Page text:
Out of Sight: Starting a band was just the beginning
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Reason for commissioning Out of Sight
I arranged for Benedict Reid to write this story. Firstly, to entertain a teenage audience with a gripping story in a credible high school setting, and secondly to demonstrate that there is an after-school alternative to “getting a job”. There are strong motivational and leadership themes to which many teenagers will relate.
A well told story is a great way to teach youngsters. They respond especially well if the tale involves leadership, excitement and achievement, laced with some fun and humour. The lessons, particularly for teenagers, must be subtly persuasive, and not didactic.
After a lifetime in business, I have developed a passion for conveying to a young audience the strong link between Business and Adventure. Of course, the adventure dimension does not make the physical demands of an assault on Everest, or circumnavigating the world in a hot-air balloon. But in the business world you are dealing all the time with the unknown, and managing risk. When you successfully develop your own business, the satisfaction levels are huge. Business, ultimately, is about selling, and one of the truest things ever said about selling is that it’s the most exciting thing you can do with your clothes on.
My enthusiasm for this issue was enhanced even further by my 10-year involvement (most of it as a Trustee) with New Zealand’s Young Enterprise Trust, a privately funded entity which offers entrepreneurship programmes in many of New Zealand’s schools. The sense of adventure and excitement among students, teachers and parents at project forums, prizegivings and the like have to be seen to be believed.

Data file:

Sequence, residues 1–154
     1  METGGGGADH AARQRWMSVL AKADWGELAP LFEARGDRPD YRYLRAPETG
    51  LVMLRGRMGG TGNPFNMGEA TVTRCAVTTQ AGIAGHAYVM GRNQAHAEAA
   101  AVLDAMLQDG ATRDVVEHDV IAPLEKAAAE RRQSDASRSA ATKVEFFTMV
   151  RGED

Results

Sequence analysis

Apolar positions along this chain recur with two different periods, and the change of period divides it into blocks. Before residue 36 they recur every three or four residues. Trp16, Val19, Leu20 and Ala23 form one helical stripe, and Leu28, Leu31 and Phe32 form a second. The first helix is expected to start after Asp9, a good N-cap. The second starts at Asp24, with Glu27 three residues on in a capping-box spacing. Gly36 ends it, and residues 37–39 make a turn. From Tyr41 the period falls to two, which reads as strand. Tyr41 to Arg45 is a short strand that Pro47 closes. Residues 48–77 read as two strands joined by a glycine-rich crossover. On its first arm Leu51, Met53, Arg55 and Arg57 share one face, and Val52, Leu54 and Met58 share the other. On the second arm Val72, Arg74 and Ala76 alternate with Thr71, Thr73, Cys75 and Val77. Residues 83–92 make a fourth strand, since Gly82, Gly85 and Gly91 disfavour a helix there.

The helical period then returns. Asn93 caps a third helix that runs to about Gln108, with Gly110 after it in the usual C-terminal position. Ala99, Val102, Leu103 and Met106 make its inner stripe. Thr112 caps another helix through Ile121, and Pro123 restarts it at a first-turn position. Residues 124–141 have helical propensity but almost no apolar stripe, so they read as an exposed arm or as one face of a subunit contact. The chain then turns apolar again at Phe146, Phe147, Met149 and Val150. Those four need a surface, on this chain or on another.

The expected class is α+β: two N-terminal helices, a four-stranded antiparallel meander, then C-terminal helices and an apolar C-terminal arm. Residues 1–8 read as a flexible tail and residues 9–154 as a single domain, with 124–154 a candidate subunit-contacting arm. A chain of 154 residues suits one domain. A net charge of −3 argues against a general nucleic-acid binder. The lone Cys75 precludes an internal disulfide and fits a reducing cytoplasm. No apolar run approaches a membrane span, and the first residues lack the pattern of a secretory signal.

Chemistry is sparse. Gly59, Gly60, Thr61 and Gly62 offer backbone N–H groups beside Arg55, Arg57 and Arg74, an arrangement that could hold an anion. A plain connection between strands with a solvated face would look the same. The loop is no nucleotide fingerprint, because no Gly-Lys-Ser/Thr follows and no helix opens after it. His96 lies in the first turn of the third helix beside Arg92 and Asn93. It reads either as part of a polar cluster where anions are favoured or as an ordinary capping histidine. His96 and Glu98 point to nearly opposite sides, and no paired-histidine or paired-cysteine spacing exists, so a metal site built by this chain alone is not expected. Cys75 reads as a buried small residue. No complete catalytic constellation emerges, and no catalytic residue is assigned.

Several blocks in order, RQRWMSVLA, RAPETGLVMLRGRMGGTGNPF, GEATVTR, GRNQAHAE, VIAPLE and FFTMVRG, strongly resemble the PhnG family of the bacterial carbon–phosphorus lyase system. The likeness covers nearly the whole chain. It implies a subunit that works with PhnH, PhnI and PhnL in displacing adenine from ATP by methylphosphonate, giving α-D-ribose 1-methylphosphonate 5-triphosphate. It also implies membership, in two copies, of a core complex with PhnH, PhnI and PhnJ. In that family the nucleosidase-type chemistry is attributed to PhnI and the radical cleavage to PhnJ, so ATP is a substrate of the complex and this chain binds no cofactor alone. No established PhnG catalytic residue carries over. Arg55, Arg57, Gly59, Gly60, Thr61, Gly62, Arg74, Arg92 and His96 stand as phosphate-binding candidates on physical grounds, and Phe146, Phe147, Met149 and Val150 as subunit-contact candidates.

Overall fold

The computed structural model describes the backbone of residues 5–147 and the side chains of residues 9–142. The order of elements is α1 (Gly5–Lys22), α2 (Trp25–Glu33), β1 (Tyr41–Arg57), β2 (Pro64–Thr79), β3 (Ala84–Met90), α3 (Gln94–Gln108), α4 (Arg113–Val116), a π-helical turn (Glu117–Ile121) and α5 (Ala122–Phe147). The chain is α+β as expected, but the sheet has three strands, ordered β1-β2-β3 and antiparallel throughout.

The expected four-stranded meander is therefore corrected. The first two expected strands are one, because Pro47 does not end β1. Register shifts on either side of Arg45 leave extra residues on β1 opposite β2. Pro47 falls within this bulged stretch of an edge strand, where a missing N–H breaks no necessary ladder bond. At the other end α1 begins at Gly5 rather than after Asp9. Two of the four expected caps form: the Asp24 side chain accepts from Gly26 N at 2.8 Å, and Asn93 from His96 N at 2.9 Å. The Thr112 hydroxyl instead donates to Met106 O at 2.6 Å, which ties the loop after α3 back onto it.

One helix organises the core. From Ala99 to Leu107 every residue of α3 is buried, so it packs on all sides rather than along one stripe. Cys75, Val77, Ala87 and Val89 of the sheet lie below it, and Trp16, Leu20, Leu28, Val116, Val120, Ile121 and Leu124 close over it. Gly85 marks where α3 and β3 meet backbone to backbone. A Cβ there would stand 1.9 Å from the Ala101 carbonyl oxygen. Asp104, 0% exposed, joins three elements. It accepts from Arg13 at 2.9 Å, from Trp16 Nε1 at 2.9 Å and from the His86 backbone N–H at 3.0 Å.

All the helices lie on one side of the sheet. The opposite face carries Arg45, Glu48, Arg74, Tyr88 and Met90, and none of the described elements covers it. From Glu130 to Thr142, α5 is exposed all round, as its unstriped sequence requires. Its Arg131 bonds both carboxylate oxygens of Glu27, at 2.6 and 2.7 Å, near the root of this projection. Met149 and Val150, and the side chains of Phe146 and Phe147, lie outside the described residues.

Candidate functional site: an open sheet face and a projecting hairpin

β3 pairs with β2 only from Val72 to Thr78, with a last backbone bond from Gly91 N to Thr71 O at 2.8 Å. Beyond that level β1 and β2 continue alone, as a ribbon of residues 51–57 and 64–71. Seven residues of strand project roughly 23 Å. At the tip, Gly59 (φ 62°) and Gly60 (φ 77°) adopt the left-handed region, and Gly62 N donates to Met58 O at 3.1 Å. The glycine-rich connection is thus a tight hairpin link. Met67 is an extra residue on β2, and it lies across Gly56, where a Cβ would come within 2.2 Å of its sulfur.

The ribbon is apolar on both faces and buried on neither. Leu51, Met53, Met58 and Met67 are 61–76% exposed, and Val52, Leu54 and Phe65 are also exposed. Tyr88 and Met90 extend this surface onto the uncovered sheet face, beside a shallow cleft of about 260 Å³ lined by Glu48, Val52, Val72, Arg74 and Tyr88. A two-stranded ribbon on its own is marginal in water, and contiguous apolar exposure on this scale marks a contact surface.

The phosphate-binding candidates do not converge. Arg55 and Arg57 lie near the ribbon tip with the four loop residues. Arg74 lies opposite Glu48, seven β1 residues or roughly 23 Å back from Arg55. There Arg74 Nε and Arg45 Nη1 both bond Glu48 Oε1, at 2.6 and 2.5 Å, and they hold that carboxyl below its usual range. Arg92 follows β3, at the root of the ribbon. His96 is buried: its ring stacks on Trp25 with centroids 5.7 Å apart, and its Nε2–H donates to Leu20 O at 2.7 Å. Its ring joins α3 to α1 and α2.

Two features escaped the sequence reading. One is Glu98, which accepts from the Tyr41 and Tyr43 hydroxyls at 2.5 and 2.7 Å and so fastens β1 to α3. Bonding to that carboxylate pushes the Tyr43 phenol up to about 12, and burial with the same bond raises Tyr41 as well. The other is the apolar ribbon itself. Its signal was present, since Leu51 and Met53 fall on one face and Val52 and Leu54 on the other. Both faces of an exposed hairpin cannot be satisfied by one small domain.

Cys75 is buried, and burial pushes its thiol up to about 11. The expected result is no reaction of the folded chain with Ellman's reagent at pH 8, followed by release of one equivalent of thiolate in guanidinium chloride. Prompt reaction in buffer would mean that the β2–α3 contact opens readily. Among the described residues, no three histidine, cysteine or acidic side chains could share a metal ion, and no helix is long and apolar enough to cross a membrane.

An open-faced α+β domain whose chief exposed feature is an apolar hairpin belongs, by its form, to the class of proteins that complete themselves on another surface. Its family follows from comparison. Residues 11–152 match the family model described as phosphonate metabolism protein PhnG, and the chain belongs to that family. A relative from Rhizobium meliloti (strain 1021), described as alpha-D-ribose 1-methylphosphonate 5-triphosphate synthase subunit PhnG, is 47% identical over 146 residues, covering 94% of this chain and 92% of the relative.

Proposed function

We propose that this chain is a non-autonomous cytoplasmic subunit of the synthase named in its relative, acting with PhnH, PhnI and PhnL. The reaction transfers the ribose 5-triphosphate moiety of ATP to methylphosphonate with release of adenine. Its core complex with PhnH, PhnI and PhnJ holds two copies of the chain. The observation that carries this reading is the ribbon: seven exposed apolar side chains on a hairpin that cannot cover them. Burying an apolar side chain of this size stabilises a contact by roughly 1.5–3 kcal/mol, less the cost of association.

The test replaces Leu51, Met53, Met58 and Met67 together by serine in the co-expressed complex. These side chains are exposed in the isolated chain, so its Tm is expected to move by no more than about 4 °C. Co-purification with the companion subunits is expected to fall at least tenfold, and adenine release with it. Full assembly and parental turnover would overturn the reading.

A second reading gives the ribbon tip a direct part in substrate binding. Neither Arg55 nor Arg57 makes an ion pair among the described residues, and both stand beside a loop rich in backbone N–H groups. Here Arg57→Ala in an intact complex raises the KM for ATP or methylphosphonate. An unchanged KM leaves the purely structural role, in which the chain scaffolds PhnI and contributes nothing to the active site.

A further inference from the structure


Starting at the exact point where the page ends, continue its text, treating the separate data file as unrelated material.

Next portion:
Self-employment, and the entrepreneurship on which it is based is a continuous adventure, providing insurance against unemployment, a creative environment, exhilaration and freedom.
I could not personally write a successful novel to save myself. So to help my cause, I commissioned someone else to do the writing, and he has indeed delivered a work which is not only a gripping read in its own right, but also teaches and inspires.
This book is designed to encourage more young people to become entrepreneurs, and lessen the bias in the system which favours “getting a job.” We need more people who want to “Start at the Top” and be their own boss. Let’s not forget that the benefits of entrepreneurship go far beyond individual contentment. Society as a whole benefits as new enterprises take off, generating revenue and employment opportunities that pay dividends at all levels of society.
The latest bright idea needs to have the same conversational impact as Saturday’s sports results.